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Piccolini v. Simon's Wrecking

ELR Citation: 18 ELR 21326
Nos. No. 86-1059, 686 F. Supp. 1063/27 ERC 1888/(M.D. Pa., 03/22/1988)

The court holds that under the Comprehensive Environmental Response, Compensation, and Liability Act (CERCLA) owners of property adjacent to a hazardous waste landfill may recover their response costs, but not damages of lost property value and income, and the owners may proceed under state law claims of strict liability, negligence, nuisance, and trespass. The court also holds that the statute of limitations is not tolled in this case by the discovery rule and the concealment doctrine. The court first holds that only response costs and not a wider definition of damages are recoverable under CERCLA, based on the definitions in §§101(23) and (24). The court next holds that it has pendent jurisdiction over claims based on state law. A state-law claim of strict liability is available if the adjacent owners can show that the landfill was an abnormally dangerous activity, and a claim of negligence is available if the allegations in the complaint are true. The court next holds that those who generated the waste which was disposed at the landfill may be liable under a nuisance theory, since ownership of the land is not key to liability under nuisance; it is enough that the generators contracted with the landfill operators and knew or should have known of the activities at the landfill. In a footnote, the court accepts a trespass theory on the same reasoning.

The court next holds that the state statute of limitations was not tolled by the inability to ascertain the identities of the generators of the hazardous waste. In general, the statute of limitations begins to run when the injury is sustained. The discovery rule provides an exception to this rule, tolling the statute of limitations until the plaintiff knew or reasonably should have known that he had been injured and that it had been caused by another party's conduct. However, the statute of limitations begins to run even if the plaintiff does not know which other party caused his injury, so the discovery rule does not apply in this case where the plaintiffs knew of the contamination in 1979. Moreover, the court holds, the fact that the hazardous waste drums were buried, thus hiding the labels naming their generators, does not constitute concealment to toll the statute of limitations. The plaintiffs were clearly aware that toxic waste had been buried, and the plaintiffs were thus not led by the defendants from their right to inquire as to the source of their injuries. Finally, the court awaits further facts before deciding whether contamination constitutes a continuing tort, portions of which survive the statute of limitations. The main issue will be whether the injury was permanent or rather a series of separate and recurrent injuries. Generally, where all past and future damages can be presently estimated and recovered in one action, a permanent injury has occurred.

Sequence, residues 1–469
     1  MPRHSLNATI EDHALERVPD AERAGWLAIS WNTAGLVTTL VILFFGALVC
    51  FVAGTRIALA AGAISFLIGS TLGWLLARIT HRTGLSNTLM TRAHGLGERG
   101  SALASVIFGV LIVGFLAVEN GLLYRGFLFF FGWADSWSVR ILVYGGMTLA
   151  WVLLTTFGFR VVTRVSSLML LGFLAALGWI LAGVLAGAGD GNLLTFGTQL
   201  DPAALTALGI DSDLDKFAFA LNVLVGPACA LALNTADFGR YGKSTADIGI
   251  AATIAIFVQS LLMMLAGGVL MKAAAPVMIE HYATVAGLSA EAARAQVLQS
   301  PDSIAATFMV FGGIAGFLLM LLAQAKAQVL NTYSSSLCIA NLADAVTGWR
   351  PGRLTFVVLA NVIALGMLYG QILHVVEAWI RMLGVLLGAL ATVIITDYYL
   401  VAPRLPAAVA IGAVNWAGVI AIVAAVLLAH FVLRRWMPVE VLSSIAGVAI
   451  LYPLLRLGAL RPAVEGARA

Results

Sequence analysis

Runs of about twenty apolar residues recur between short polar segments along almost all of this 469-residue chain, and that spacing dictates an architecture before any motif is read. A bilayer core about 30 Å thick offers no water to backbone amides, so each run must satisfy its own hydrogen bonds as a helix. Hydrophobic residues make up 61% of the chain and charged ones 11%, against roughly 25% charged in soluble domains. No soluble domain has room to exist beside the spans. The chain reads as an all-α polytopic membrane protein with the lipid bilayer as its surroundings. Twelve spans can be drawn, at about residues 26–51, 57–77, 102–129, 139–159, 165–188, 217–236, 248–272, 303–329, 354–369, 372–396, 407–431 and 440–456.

Counsel for Plaintiffs
Mark Cuker
Slap, Williams & Cuker
Suite 960, One Franklin Plaza, Philadelphia PA 19102
(215) 557-0099

David Cherundolo
First Eastern Bank Bldg., Lackwanna & N. Washington Aves., Scranton PA 28503
(717) 961-1414

Counsel for Defendants
James Scanlon
Scanlon, Howley, Scanlon & Doherty
1000 Bank Towers, Scranton PA 18503
(717) 346-7651

Bernd Heinze
Marshall, Dennehey, Warner, Coleman & Groggin
1515 Locust St., Philadelphia PA 19102
(215) 893-3800

Stephen Tasher, John Dean
Donovan, Leisure, Newton & Irvine
1850 K St. NW, Washington DC 20006
(202) 862-4700